NI Child Commissioner bill debated

Legislation, which could establish a commissioner for children in Northern Ireland, is currently being debated in the House of Commons.

The draft Order, which was laid before Parliament just before the Christmas Recess, is based on the Bill which had been under consideration by the Assembly before suspension. It is expected to become law next month and a commissioner is expected to be appointed during the summer.

The Minister responsible for the draft legislation, Des Browne, said: “The Commissioner for Children and Young People (NI) Order is a ground-breaking piece of legislation. It will establish an office whose main aim will be to safeguard and promote children’s rights and best interests, and will place Northern Ireland at the cutting edge of international best practice in this area.”

Northern Ireland's power-sharing executive announced plans for a children's commissioner in January 2001. At that time, Dermot Nesbitt alongside Denis Haughey as junior ministers at the Office of the First and Deputy First Minister, launched a consultation document inviting the views of the public on the issue.

Speaking today Mr Nesbitt said: “The commissioner’s role to promote and protect children's rights and ensure children have a voice in local government has been broadly welcomed in Northern Ireland but must be backed up with definitive guidelines to ensure the role is effective.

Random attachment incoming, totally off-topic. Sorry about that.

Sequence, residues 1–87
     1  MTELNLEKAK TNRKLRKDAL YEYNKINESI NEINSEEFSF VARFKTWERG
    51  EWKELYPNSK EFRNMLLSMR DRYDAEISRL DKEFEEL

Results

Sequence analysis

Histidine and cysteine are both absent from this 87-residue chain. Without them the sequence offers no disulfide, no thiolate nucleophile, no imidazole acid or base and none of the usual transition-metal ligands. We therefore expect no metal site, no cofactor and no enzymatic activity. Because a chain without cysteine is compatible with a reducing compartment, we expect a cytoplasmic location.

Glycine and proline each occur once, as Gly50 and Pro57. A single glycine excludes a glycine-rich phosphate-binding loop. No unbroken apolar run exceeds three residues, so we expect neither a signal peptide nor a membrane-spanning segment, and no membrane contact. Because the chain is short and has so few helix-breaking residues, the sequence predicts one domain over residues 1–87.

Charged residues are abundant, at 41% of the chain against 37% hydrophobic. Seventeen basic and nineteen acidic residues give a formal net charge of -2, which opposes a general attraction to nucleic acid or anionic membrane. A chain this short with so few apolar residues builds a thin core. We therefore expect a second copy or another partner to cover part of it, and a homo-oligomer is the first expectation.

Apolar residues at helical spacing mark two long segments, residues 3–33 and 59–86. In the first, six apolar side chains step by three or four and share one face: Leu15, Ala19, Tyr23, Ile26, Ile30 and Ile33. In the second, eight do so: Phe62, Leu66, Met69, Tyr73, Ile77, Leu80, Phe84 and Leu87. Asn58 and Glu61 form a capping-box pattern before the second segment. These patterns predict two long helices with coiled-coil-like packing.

"While it is important that we have the right legislation and policies in place, children need more than just strong legislation on their side. They need a champion - a strong independent voice to protect their rights and represent their interests."

However DUP Health Spokesperson, Iris Robinson has argued the current bill’s remit is too narrow.

“The preamble to the UN Convention on the Rights of the Child recognises children have rights before they are born,” she said.

“The Commissioner should also have responsibility for protecting children prior to their birth at the mother’s workplace for instance. The Commissioner could oversee this aspect as well as part of monitoring the general health of all children prior to their birth.”


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